Fish and Wildlife Service, DOI.
Notice of decision and availability of the Finding of No Significant Impact and Final Comprehensive Conservation Plan.
This notice advises the public that the U.S. Fish and Wildlife Service (Service) has prepared a Final Comprehensive Conservation Plan (Final CCP) and related Finding of No Significant Impact (FONSI) for the Steigerwald Lake, Franz Lake, and Pierce National Wildlife Refuges (Gorge Refuges). The Gorge Refuges are located in southwest Washington within the Columbia River Gorge National Scenic Area. The Final CCP was prepared pursuant to the National Wildlife Refuge System Administration Act, as amended, and in accordance with the National Environmental Policy Act of 1969 (NEPA) and its implementing regulations. The Service's Regional Director for the Pacific Region has considered a reasonable range of management alternatives and has selected Alternative B of the CCP for managing the Gorge Refuges for the next 15 years.
The Final CCP and FONSI are available now. The FONSI was signed on August 26, 2005. Implementation of the Final CCP may begin immediately.
Printed copies of the Final CCP are available for viewing at Ridgefield National Wildlife Refuge Complex Headquarters, 301 N. Third Avenue, Ridgefield, WA. These documents and other project information are also available online for viewing and downloading at http://pacific.fws.gov/planning. Copies of the Final CCP may be obtained by writing to the Ridgefield National Wildlife Refuge Complex, P.O. Box 457, Ridgefield, WA 98642.Start Further Info
FOR MORE INFORMATION CONTACT:
Project Leader, Ridgefield National Wildlife Refuge Complex, P.O. Box 457, Ridgefield, WA 98642, phone (360) 887-4106.End Further Info End Preamble Start Supplemental Information
The Gorge Refuges are located in Skamania and Clark Counties, Washington, in the Columbia River Gorge downstream of Bonneville Dam. The administration center for these Refuges is the Ridgefield National Wildlife Refuge Complex, located 25 miles northwest of Steigerwald Lake Refuge. Planning for the Gorge Refuges occurred simultaneously because: the Refuges are located in close proximity to one another within the Columbia River floodplain; many of the same issues and management opportunities occur at all three Refuges; and they are all part of the lower Columbia River ecosystem.
The Gorge Refuges are part of the National Wildlife Refuge System (NWRS) administered by the Service. It is Service policy to have all lands within the NWRS managed in accordance with an approved CCP. The CCP guides management decisions and identifies refuge goals, long-range objectives, and strategies for achieving refuge purposes. During the planning process for the Gorge Refuges' CCP, many elements were considered, including habitat and wildlife Start Printed Page 4609management, habitat protection and acquisition, public and recreational uses, and cultural resources. Public input during this planning process was considered in the development of the CCP. The notice of availability of the Draft CCP for a 30-day public review and comment period was published in the Federal Register on August 20, 2004 (69 FR 51706). The Draft CCP identified and evaluated three alternatives for managing the Refuges. The Service received 18 comment letters on the Draft CCP. The comments received were incorporated, when appropriate, and responded to in the Final CCP.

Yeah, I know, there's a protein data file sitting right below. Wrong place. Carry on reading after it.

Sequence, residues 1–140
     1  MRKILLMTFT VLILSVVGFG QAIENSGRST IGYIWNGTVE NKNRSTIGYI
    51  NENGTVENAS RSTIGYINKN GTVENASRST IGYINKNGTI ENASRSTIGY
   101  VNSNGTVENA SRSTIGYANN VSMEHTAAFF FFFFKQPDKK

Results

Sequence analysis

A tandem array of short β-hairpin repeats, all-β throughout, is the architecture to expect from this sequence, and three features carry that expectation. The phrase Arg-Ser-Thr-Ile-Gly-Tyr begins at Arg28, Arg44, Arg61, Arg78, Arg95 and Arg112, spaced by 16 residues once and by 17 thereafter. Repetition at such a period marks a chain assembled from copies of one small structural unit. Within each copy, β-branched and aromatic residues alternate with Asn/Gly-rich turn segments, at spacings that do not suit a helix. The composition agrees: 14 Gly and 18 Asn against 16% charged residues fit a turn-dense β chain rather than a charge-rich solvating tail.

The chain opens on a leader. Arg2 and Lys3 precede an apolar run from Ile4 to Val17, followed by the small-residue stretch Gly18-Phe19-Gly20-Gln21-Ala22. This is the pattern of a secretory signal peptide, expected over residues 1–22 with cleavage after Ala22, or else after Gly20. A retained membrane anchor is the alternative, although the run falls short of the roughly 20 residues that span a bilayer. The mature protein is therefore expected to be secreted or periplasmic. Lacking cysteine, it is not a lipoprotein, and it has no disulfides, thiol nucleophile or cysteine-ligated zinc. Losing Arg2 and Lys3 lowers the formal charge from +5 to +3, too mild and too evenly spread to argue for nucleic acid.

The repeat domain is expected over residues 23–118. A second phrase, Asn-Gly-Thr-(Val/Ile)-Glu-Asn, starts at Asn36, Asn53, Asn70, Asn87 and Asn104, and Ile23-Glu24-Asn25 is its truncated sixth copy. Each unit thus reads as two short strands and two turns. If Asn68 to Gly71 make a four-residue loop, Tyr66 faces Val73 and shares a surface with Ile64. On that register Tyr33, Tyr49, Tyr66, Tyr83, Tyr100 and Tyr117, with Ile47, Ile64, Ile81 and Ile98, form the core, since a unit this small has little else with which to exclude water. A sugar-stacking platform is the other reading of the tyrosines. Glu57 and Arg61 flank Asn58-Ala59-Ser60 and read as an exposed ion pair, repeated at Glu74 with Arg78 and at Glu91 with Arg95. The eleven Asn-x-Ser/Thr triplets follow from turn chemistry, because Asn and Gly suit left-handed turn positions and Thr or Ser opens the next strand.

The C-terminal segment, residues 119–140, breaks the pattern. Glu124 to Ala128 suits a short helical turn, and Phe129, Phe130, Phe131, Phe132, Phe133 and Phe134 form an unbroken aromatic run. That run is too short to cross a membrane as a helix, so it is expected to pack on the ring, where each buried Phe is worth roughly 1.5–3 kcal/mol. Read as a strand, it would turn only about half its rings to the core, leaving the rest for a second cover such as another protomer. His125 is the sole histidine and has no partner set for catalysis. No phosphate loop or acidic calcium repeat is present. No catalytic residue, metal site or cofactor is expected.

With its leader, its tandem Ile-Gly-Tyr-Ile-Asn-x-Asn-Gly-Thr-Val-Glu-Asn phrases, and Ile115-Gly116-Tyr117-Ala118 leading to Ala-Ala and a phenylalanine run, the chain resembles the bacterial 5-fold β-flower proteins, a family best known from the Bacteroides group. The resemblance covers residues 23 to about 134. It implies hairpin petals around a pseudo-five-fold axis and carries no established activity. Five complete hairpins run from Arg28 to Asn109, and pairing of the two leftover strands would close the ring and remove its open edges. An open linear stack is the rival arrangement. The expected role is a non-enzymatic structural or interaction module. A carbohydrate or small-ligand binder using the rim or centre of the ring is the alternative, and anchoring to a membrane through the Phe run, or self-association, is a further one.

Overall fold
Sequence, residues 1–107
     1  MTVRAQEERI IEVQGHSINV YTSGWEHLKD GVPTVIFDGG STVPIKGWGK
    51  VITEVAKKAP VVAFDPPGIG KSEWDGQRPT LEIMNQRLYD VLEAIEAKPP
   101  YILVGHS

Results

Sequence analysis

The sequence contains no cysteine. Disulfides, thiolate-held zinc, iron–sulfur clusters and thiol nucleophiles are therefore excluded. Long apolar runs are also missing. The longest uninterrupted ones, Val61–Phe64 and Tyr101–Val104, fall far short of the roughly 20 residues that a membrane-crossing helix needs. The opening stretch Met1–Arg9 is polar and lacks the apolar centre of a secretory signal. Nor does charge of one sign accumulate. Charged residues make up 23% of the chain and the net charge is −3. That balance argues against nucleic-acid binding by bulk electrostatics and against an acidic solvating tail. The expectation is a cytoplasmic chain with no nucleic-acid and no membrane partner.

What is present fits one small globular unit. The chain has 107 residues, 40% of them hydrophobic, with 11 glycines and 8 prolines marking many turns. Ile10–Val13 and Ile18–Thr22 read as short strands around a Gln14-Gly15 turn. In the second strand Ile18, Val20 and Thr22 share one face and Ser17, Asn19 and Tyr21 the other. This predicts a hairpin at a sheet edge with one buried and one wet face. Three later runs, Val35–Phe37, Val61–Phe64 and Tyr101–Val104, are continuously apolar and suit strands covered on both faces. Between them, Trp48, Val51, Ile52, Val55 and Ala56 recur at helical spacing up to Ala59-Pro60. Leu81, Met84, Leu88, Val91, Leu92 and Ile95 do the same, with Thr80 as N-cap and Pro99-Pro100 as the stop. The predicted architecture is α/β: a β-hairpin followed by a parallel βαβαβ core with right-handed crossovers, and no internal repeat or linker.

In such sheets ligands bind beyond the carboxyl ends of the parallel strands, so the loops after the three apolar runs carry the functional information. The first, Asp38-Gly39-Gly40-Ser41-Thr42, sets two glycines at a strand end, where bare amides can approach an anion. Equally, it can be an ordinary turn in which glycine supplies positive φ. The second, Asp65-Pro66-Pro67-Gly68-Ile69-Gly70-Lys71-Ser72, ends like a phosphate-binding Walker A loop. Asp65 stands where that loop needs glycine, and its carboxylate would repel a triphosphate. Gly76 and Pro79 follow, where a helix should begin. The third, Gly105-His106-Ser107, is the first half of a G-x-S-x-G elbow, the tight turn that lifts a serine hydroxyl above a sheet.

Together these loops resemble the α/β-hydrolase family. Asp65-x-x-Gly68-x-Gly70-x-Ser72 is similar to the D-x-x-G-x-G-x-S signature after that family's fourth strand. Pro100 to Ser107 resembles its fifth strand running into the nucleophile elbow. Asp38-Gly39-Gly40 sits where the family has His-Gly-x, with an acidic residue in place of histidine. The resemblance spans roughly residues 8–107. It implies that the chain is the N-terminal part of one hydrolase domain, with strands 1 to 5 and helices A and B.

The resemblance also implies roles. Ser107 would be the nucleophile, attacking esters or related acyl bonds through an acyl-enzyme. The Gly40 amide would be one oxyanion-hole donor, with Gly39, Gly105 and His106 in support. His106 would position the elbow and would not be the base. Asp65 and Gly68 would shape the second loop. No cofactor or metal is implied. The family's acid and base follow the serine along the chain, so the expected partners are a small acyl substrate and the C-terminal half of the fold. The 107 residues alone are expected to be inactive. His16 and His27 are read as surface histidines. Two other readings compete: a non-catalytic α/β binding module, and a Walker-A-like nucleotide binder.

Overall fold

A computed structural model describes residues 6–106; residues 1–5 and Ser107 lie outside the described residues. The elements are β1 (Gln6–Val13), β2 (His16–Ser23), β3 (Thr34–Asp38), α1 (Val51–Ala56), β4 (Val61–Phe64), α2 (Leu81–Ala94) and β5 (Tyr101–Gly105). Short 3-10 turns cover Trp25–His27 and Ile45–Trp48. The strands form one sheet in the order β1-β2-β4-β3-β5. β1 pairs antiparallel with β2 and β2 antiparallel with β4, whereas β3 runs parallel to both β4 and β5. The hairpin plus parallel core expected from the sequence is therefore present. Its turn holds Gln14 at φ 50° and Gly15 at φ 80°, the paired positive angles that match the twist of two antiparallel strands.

With the management program described in detail in the Final CCP, the Service will focus on restoring and maintaining biological diversity with particular emphasis on the conservation targets identified in the Final CCP. The Service will continue management of existing wetlands and restore and enhance emergent wetlands on the Gorge Refuges to increase native moist soil plant composition. Approximately 191 acres of managed grasslands will be maintained to support populations of wintering Canada geese. Riparian bottomland forests, riparian scrub-shrub, and native oak communities will be expanded and restored to support conservation targets. Inventory, monitoring, and research will increase on the Gorge Refuges. Working with partners, the Service will seek to remove barriers to fish passage within Gibbons Creek, Indian Mary Creek, and Hardy Creek watersheds. The Service will participate in ongoing efforts to clean up Gibbons Creek and prevent contaminants from entering Steigerwald Lake Refuge. The Service will work with partners to secure additional wetland habitat and develop a waterfowl hunt program that is compatible and consistent with the establishing purpose and goals for Steigerwald Lake Refuge. Opportunities for wildlife viewing and photography and environmental education and interpretation will increase, and the Service will officially open the portion of the Columbia Dike Trail on Steigerwald Lake Refuge to bicycling, horseback riding, jogging, and leashed pets.
The Service is furnishing this notice to advise other agencies and the public of the availability of the Final CCP, to provide information on the desired conditions for the Gorge Refuges, and to detail how the Service will implement management strategies. Based on the review and evaluation of the information contained in the environmental assessment, the Regional Director has determined that implementation of the Final CCP does not constitute a major Federal action that would significantly affect the quality of the human environment within the meaning of Section 102(2)(c) of the NEPA. Therefore, an Environmental Impact Statement will not be prepared. Future site-specific proposals discussed in the Final CCP will be addressed in separate planning efforts with full public involvement.Start Signature
Dated: January 20, 2006.
Cynthia U. Barry,
Acting Regional Director, Region 1, Portland, Oregon.
[FR Doc. E6-1024 Filed 1-26-06; 8:45 am]
BILLING CODE 4310-55-P